Canada dismisses report it may sell nuclear firm  

TORONTO (Reuters) Nov 16 - Canada denied a newspaper report on 
Thursday that it might sell Atomic Energy of Canada Ltd., the 
government-owned nuclear technology company
The Globe and Mail, citing numerous sources, said Ottawa was mulling 
restructuring AECL, which builds the Candu nuclear reactors. One 
option could see its reactor construction and servicing units sold 
off, the paper said, while another option would be to sell AECL 

The office of the Minister of Natural Resources, Gary Lunn, denied 
the report.

"AECL is not for sale," said spokeswoman Kathleen Olson. She declined 
to speculate on whether an eventual sale of all or part of AECL's 
assets was an option being studied for the future.

The paper said potential bidders for AECL included Ontario's Bruce 
Power Inc., whose main partners are Cameco Corp. and TransCanada 
Corp.; French-based Areva NP; and Team Candu, an AECL-led group of 
companies including SNC-Lavalin Group, General Electric Canada and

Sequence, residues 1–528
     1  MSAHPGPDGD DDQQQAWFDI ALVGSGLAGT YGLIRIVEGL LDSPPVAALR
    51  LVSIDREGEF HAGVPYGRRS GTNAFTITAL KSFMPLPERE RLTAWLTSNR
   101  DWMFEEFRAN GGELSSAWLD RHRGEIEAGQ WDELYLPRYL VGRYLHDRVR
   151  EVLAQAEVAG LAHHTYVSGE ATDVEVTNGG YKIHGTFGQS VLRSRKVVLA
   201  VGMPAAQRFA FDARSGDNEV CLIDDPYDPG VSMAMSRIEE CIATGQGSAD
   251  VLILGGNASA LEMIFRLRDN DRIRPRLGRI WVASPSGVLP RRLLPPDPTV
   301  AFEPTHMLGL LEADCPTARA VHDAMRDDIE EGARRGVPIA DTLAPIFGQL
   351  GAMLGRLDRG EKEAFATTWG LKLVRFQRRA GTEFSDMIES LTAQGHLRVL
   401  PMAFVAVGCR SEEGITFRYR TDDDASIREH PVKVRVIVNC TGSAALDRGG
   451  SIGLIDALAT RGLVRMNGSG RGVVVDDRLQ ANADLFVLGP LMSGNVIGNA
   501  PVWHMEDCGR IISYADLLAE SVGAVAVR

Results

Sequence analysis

Hitachi Canada.

"There's obviously a lot of interest in nuclear these days," a 
federal official is quoted as saying by the newspaper, adding a deal 
was not imminent.

Earlier this week, Japan's Hitachi Ltd. said it would join forces 
with U.S.-based General Electric Co. and combine their nuclear power 
operations in two joint ventures to expand business overseas.

As well as building Canada's commercial heavy-water reactors, AECL 
has built reactors in Argentina, China, India, Pakistan, South Korea 
and Romania.

China's Hu set to offer Pakistan nuclear plants

BEIJING (Reuters) - Chinese President Hu Jintao is poised to unveil 
an ambitious expansion of nuclear power cooperation with Pakistan